Based on a recent Washington Post article, 7 million Americans are delinquent by 90 days or more on auto loan payments. The findings indicate most of those delinquent have lower credit scores and are under the age of 30.
Remember your post-college days? You were still driving the same tired car that saw you faithfully through your after-class pizza delivery job. It started to show its age with frequent trips to the shop for minor tweaks and major repairs. Time to consider a new vehicle.
Consider two post-grads in that very situation.
With no cash on hand to make the purchase, Conor immediately opts for an auto loan. After all, he is bringing home a steady paycheck. At the local dealership, Conor is beckoned by the gleam of his dream car. A sales associate is all too happy to find a way to make Connor’s dream a reality. Connor leaves the dealership with his new ride, in addition to a higher-interest loan for the maximum amount Connor was approved for. He’s thrilled. Until the first payment is due when Connor discovers that between rent, student loan payments and other monthly expenses, he is strapped and soon struggling to make all of his monthly payments. He feels duped, but unfortunately didn’t have the financial knowledge to make a smarter financial decision.
Conor drives to work, stressing daily about how he’ll make ends meet.
Connor’s college roommate, Aaron, works for a company that offers and encourages employees to use their financial wellness benefit. Aaron knew he could find information that would help him figure out how to afford a car. He utilized the educational resources offered through his financial wellness benefit to learn about finance options, interest rates and how to compile his expenses into a budgeting tool. He quickly realized he had not considered the total impact his expenses would have. Aaron used a financial calculator specifically to calculate the amount of vehicle he could afford based on interest rates, down payment and how much he was able to comfortably spend on a monthly payment. Good thing he checked; he had grossly overestimated his car allowance. He decides to wait until later in life to purchase his dream car; he knows it’s a smarter decision to put a small amount of money in savings because he wants to be prepared for unexpected repairs and routine maintenance. He feels accomplished and responsible in his financial decision.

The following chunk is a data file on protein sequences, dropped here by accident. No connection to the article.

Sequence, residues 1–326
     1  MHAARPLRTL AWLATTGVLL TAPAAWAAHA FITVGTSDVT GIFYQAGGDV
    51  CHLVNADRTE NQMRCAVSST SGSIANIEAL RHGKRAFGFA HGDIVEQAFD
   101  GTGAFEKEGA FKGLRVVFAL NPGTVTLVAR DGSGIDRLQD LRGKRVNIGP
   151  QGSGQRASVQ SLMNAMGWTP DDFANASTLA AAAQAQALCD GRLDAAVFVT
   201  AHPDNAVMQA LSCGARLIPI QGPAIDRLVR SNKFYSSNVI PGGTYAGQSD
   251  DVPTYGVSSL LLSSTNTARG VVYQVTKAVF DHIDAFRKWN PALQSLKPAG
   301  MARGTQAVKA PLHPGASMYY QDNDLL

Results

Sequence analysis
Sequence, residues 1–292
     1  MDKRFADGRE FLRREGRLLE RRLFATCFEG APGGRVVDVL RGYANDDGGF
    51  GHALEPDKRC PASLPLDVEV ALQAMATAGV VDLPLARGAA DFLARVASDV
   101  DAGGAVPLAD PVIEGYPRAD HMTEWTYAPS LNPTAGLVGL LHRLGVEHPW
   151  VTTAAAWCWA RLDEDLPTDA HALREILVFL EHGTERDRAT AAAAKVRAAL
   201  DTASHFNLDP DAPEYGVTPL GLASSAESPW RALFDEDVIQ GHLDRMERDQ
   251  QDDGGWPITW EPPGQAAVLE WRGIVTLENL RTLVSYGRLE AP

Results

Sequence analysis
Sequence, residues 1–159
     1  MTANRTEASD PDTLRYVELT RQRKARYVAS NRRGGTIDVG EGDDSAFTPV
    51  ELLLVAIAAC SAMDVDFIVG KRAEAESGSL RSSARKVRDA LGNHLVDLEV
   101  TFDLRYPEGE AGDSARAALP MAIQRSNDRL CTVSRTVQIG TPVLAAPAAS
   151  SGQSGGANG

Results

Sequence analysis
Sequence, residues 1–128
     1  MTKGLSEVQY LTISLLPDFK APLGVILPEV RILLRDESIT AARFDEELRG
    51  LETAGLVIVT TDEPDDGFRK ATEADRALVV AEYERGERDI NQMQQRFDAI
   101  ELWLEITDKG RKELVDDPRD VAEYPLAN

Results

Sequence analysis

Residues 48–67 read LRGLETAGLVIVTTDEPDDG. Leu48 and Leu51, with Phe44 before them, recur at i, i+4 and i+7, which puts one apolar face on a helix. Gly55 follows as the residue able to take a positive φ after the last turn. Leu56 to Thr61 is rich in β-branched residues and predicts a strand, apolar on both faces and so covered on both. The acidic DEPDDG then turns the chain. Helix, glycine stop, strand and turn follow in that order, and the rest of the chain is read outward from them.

Aaron drives to work, ready to take on the day.
All it takes is one poor financial decision to turn a high performing employee into a distracted, stressed, low performer. If your organization offers a financial wellness benefit, continue the conversation throughout the year by sharing examples of real-world applications to engage every employee. And if you don’t offer financial wellness, check out FinFit’s holistic financial wellness solution. We have all of the financial tools and resources to support financial wellness in your organization. Contact us to learn more.